Predicting extreme weather using data science
Dark clouds and strong winds, usually indicators of severe weather to come. In the old days, people did not have other than this information to act upon to prevent damage as much as possible. Later, new means of communication came into use to warn people at an earlier stage for extreme weather, when at site no sign was visible. That was a big step forward.
Nowadays, atmospheric conditions are monitored at a massive scale and intensively in time. Think of data gathered from weather stations, satellite images, weather radar images, reports from ships, airports and amateur meteorologist. But the question remains, can these data streams be used to accurately predict extreme weather events?
Geurt Jongbloed, Professor of Statistics and chairman of the Department of Applied Mathematics (DIAM), wraps his brain around this question. Together with assistant professor Juan-Juan Cai, PhD student Jasper Velthoen and the Royal Netherlands Meteorological Institute (KNMI) post-processing department, he works on methods to improve the quality of extreme weather predictions using all sorts of data available. These data consist of actual measurements, but also on outputs generated by the weather prediction models in the past. Elegant mathematical results from a subfield of statistics called ´Extreme Value Analysis’ can be adapted and used to specifically improve the prediction of extremes.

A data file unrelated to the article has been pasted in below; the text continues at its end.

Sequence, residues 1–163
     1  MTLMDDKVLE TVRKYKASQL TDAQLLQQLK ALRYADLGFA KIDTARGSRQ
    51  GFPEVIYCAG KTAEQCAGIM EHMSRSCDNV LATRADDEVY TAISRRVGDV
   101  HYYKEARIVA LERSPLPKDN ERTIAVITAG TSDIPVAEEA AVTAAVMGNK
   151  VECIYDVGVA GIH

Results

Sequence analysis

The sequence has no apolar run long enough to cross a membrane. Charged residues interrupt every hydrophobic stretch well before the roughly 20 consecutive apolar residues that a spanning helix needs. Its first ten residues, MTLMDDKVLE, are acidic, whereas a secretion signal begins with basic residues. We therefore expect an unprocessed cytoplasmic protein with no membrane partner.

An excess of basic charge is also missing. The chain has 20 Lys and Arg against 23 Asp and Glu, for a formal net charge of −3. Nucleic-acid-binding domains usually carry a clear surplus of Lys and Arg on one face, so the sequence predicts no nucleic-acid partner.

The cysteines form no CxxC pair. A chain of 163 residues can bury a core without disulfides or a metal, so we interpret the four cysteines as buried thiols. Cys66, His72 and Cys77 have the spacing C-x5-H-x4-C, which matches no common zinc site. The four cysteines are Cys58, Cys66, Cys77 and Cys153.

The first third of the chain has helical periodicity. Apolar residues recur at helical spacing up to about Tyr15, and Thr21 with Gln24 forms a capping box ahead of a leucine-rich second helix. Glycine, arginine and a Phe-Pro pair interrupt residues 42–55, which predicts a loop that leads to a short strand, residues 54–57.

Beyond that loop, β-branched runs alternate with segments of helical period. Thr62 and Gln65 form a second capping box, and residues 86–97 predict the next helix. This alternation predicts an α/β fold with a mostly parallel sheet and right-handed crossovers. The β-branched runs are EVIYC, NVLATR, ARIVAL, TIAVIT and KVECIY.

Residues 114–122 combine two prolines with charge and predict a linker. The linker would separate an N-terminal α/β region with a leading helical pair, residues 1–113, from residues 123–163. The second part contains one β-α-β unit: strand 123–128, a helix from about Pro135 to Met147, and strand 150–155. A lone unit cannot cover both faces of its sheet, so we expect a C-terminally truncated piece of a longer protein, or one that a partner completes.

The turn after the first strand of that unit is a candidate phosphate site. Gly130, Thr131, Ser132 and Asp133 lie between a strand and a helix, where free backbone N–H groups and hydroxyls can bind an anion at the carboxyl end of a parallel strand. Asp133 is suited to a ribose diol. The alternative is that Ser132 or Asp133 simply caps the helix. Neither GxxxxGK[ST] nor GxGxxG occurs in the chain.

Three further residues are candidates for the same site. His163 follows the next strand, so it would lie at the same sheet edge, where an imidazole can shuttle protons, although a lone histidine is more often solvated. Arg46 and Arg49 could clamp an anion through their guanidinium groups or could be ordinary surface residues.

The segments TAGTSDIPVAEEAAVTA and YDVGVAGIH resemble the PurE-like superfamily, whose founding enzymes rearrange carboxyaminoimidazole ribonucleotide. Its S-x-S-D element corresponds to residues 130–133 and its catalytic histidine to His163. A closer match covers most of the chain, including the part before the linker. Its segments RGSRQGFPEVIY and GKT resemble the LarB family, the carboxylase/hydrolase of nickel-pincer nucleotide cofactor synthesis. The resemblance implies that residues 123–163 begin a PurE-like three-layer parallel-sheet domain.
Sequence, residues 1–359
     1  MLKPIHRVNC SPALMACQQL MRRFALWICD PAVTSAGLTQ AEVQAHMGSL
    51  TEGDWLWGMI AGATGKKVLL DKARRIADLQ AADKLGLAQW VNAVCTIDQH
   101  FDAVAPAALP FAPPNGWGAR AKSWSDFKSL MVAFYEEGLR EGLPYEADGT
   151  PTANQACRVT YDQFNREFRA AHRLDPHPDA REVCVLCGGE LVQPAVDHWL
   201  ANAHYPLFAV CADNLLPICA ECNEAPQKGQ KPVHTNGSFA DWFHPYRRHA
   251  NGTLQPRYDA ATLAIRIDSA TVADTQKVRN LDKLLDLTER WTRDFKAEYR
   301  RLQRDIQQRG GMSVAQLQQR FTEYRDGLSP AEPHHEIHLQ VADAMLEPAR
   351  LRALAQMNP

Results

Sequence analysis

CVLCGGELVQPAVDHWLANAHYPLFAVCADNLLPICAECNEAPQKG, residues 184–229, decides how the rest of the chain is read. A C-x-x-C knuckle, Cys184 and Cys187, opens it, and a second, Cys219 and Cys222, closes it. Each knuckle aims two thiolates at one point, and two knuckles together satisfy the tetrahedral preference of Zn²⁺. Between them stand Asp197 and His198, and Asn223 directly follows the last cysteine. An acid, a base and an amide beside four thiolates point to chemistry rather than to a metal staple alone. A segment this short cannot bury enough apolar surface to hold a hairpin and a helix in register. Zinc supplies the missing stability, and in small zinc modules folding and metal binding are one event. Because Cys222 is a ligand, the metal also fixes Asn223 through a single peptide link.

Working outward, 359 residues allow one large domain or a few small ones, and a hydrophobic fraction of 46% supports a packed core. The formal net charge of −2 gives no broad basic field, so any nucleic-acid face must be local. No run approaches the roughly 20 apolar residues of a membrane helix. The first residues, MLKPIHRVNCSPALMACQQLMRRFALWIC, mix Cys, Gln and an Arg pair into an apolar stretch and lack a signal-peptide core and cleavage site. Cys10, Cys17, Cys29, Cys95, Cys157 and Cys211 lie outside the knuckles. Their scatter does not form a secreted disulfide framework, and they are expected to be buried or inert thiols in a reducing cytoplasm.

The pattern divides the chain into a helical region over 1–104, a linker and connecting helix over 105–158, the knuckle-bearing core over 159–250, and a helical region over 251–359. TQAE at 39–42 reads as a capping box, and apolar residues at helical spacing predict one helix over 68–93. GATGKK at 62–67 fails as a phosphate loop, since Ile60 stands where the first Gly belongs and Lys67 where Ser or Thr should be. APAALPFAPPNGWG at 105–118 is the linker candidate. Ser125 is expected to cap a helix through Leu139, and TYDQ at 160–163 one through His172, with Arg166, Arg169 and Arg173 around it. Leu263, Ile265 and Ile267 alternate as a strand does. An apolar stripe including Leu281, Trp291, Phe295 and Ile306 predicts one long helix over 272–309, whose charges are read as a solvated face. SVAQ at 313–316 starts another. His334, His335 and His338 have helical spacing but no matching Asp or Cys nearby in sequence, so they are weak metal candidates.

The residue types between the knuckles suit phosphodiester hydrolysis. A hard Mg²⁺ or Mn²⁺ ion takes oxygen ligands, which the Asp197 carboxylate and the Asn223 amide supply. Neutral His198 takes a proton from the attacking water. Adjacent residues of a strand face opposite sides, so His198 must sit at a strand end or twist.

KNMI & mathematics
At KNMI, sophisticated models from mathematical physics are used to forecast the weather using a combination of physical models and measured data on huge computer systems. “For normal weather, the quality of the forecast for a couple of days in advance is strikingly high. If it comes to predicting extreme weather events, there is definitely need and room for improvement”, says Geurt Jongbloed.
How did you get in contact with KNMI on this subject?
“I supervised a PhD student jointly with people from the climate department at KNMI in the past. The meteorology department of KNMI has contact with water authorities, ProRail and commercial forecasting services and the need for improvement of extreme weather warning systems was broadly felt. Our Delft track record in the field of extreme value theory combined with fruitful collaborations with other department within KNMI in the past, lead to the current collaboration.”
What has been achieved thus far in this project?
We developed a model that uses weather prediction model outputs to estimate probabilities of extreme events. These are the ingredients for the colour coded alarm system used at KNMI. First results show improvement on the currently used approach.
“A next step is to include more of the data available in our model. Furthermore, especially for the water authorities there is also a strong need to consider predictions for ‘joint extremes’. It is possible that strong wind and high rainfall alone do not ask for preventive measures, but that the combination of the two does. Then it is important to model these quantities jointly, rather than separately. A nice aspect about this, is that it’s also at the frontline of current theoretical research in extreme value theory. Working on mathematically challenging problems with societal relevance. That really fits within our Delft Institute of Applied Mathematics!”
Text: Marieke Roggeveen | Photography: Mark Prins | January 2018